‘Ailey’ Profiles the Enigmatic, Brilliant Dance Master Alvin Ailey

Author: Trudy Ring

The first time Jamila Wignot saw a performance by the Alvin Ailey American Dance Theatre, she was overwhelmed by the beauty of the dances. Now, with a documentary she’s directed, she hopes to introduce others to the beauty of the company’s work and of its founder.

Her film, titled simply Ailey, premiered at this year’s Sundance Film Festival and opens Friday in theaters. It provides an immersive portrait of Alvin Ailey, a gay Black man who knew poverty, racism, and homophobia but also drew on his rich culture to become one of the 20th century’s most important choreographers. He died in 1989, but his company has endured and continues to commission new work; Wignot’s film intersperses Ailey’s biography with footage of dancers rehearsing a new piece for the group’s 60th anniversary in 2018.

Wignot encountered the dance group’s work in college, when she obtained a ticket for a performance through the Black student union at her school. The program concluded with Revelations, one of Ailey’s most acclaimed pieces, and it made a great impression on her. Years later, having built a résumé that includes directing two episodes of the PBS series The African-Americans: Many Rivers to Cross, she was approached by Insignia Films about helming a documentary on Ailey.

“I was familiar with the dances and the company — I wasn’t familiar with Mr. Ailey’s biography,” she tells The Advocate. She was soon to become intimately familiar with his life.

The film draws on archival footage, interviews with members of Ailey’s company and others who knew him, and, importantly, audio recordings he made while preparing an autobiography with collaborator A. Peter Bailey. It was important to hear his voice in those recordings, Wignot says; there’s no filter in the form of an interviewer, and Ailey’s “poetic energy” is palpable in his remembrances.

Ailey was born in a small town in Texas in 1931, deep in the Jim Crow era of segregation and oppression of Black Americans. When he was just 4, he and his mother moved to Los Angeles; his father was mostly absent from his life. Ailey and his mother still knew struggle, but their lives were enhanced by a culture that offered a wealth of love and caring, and recognized the value of music and community celebrations. Wignot uses footage of ordinary Black life from this time period to approximate the type of experience Ailey had.

In the 1950s he moved to New York City to pursue his dance career, and he founded his company there in 1958. In 1960 came the premiere of Revelations, a set of dances performed to Black religious music, often considered Ailey’s masterpiece. But he would create many more pieces, and his company also performed dances by other choreographers.

Ailey dancers, courtesy of Neon

Ailey was a deeply private and sometimes troubled man, totally dedicated to his art, Wignot says. “It’s important to think about the sacrifices he had to make to build this enterprise. … There’s a kind of giving over of himself entirely,” she says. But his work also reflected beauty and joy, she adds, and he cleared a path for other Black artists.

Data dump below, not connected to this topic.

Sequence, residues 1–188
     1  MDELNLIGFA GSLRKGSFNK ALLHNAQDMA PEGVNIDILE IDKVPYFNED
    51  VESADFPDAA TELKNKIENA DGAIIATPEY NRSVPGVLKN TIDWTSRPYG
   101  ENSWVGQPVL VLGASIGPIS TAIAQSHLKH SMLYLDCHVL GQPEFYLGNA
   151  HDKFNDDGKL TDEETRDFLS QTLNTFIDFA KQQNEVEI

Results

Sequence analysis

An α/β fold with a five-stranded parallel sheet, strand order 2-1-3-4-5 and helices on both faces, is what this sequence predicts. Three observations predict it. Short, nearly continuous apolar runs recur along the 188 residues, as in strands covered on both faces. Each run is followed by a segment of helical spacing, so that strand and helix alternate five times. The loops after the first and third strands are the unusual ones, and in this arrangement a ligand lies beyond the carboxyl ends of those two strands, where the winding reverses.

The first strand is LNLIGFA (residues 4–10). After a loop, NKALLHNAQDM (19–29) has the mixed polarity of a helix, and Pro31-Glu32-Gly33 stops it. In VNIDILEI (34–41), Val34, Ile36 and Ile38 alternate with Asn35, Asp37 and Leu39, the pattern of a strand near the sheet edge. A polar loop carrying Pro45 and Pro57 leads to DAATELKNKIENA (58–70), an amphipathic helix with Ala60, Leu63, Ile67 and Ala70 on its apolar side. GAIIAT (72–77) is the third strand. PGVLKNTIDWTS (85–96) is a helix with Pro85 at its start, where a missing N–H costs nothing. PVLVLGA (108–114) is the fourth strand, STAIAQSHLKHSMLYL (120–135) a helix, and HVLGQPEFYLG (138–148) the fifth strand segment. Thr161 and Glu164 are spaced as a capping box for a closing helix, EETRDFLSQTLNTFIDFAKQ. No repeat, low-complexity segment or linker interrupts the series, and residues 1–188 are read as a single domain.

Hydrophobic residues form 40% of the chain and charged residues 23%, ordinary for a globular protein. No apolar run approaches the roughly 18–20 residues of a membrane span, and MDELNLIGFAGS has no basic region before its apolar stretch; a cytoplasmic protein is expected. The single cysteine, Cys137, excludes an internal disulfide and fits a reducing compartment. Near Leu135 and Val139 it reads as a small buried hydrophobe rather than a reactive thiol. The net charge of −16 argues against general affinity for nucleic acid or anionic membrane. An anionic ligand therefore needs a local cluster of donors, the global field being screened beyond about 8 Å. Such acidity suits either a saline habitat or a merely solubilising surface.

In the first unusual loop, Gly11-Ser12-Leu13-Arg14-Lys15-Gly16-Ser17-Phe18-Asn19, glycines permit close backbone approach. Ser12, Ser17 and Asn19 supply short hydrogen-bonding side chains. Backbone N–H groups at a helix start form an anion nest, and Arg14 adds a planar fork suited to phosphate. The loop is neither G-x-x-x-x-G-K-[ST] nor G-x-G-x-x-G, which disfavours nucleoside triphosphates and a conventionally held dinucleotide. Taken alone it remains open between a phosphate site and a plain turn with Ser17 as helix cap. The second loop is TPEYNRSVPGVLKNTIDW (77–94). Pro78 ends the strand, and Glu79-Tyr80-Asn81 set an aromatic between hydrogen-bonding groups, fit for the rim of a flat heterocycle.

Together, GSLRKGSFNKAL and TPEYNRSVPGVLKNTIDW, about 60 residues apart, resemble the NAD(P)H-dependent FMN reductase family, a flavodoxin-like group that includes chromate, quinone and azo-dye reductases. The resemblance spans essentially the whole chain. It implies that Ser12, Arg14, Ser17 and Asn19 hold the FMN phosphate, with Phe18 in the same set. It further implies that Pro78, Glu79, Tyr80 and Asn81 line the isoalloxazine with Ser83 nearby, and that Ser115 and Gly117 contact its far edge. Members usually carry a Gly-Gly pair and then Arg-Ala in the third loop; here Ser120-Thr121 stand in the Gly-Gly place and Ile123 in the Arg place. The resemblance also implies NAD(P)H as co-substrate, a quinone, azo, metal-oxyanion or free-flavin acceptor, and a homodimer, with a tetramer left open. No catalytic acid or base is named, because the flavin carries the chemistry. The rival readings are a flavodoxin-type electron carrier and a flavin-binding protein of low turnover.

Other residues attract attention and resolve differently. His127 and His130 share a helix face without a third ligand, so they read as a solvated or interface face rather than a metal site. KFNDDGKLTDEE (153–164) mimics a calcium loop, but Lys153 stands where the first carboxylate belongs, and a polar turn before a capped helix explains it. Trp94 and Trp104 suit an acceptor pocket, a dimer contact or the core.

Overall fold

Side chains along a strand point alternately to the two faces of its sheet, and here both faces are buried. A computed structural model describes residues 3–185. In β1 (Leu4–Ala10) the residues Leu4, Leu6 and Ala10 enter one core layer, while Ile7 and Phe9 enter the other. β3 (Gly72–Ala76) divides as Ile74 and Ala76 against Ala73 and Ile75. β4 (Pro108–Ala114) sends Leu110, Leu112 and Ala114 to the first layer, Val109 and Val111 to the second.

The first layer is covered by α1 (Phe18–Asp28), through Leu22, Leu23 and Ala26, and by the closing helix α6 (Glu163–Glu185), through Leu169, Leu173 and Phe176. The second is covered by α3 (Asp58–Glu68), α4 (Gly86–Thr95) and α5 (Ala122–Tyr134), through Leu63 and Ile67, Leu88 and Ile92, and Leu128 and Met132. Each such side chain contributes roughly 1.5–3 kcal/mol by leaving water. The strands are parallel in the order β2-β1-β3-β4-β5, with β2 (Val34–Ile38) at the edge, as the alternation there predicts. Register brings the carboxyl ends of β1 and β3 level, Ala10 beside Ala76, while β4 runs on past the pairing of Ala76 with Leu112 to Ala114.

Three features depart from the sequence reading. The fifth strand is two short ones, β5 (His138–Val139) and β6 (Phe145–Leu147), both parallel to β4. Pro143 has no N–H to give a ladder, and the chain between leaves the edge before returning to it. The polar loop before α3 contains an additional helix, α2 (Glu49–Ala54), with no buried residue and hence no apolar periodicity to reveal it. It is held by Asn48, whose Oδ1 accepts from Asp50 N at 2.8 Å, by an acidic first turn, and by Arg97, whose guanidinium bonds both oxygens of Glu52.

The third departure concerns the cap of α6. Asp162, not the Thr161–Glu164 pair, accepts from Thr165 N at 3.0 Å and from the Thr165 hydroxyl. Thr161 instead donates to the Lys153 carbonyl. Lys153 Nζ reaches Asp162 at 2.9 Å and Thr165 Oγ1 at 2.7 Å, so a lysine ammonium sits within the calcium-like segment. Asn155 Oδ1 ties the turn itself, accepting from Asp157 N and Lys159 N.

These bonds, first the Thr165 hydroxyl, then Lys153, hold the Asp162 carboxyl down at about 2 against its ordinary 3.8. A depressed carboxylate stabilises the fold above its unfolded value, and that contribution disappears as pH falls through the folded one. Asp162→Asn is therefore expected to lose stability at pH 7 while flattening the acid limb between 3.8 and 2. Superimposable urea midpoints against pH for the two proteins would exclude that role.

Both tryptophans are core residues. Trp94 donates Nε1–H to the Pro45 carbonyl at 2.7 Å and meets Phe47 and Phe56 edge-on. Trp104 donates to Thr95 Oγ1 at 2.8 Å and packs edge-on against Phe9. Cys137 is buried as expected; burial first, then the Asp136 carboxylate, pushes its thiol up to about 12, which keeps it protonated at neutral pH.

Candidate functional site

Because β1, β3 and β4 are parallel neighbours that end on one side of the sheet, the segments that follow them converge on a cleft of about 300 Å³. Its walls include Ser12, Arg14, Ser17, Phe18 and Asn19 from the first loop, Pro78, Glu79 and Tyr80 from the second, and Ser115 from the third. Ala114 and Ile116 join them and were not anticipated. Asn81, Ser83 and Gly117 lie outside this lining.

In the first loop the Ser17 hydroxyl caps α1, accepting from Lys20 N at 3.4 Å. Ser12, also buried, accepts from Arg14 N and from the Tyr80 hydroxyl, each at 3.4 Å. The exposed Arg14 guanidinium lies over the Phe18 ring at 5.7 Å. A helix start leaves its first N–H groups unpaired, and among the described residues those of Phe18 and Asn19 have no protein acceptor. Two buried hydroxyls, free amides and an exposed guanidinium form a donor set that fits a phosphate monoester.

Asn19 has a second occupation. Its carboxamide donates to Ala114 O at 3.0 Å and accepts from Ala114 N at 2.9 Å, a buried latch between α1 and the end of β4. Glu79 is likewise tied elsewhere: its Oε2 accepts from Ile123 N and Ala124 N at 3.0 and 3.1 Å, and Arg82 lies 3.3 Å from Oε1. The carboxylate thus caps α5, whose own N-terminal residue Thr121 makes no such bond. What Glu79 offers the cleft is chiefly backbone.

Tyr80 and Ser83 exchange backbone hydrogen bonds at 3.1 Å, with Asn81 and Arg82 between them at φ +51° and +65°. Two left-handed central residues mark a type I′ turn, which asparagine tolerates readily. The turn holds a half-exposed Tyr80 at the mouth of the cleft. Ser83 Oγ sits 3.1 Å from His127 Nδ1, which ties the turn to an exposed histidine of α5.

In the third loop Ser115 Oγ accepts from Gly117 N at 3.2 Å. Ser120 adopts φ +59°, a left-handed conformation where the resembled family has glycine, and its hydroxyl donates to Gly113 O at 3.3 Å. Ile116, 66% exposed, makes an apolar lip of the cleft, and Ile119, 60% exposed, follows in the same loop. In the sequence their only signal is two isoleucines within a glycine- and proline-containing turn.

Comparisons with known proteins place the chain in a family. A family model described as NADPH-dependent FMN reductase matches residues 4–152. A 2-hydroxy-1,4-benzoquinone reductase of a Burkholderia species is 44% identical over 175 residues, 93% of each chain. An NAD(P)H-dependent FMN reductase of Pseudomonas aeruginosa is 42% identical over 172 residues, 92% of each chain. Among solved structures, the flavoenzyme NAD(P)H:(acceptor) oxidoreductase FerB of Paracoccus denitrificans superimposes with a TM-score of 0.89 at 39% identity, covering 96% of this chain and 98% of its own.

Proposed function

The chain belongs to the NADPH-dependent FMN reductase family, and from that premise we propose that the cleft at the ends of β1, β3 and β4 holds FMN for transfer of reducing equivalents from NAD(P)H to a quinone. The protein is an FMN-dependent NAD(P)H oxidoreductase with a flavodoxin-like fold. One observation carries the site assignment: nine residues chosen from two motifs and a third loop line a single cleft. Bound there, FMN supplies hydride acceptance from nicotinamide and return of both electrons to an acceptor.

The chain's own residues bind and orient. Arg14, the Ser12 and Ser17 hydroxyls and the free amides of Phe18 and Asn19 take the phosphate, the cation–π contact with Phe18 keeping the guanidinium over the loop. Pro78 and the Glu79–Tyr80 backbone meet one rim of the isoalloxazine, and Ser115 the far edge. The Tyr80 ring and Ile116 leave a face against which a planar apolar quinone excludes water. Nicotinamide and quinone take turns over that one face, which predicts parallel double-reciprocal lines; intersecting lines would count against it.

He was out as a gay man to his friends and his colleagues in the dance world but was closeted publicly. He died of AIDS-related complications at age 58, but his obituaries cited a rare blood disorder as the cause of death.

“It’s devastating to think about when he died and all the possibilities that would have been open to him had he lived even 10 years more,” Wignot says.

Ailey always meant for his company to outlast him; not all dance troupes survive the loss of their founders. He picked Judith Jamison to succeed him as artistic director, and her dedication was key to helping the group go on, Wignot notes. She retired in 2011, succeeded by Robert Battle.

Director Jamila Wignot, courtesy of Neon

Under Battle in 2018, the company commissioned famed hip-hop choreographer Rennie Harris to craft an evening-long dance program for its 60th anniversary. Wignot was able to film rehearsals of the piece, Lazarus, and includes the footage in her documentary. “They’re just extraordinary,” she says of the Ailey dancers.

She intends for film audiences to recognize that Ailey was extraordinary as well. “I hope they walk away,” she says, “just loving this beautiful, beautiful human who gave the world so much.”

Ailey opens Friday at Film at Lincoln Center and the Angelika Film Center, both in New York City. Wignot and other guests will do question-and-answer sessions during the opening weekend. The film will open at additional theaters August 6. For more information, visit distributor Neon’s website. Watch the trailer below.

Original Article on The Advocate
Author: Trudy Ring


My name is David but my online nick almost everywhere is Altabear. I'm a web developer, graphic artist and outspoken human rights (and by extension, mens rights) advocate. Married to my gorgeous husband for 12 years, together for 25 and living with our partner of 4 years, in beautiful Edmonton, Canada.

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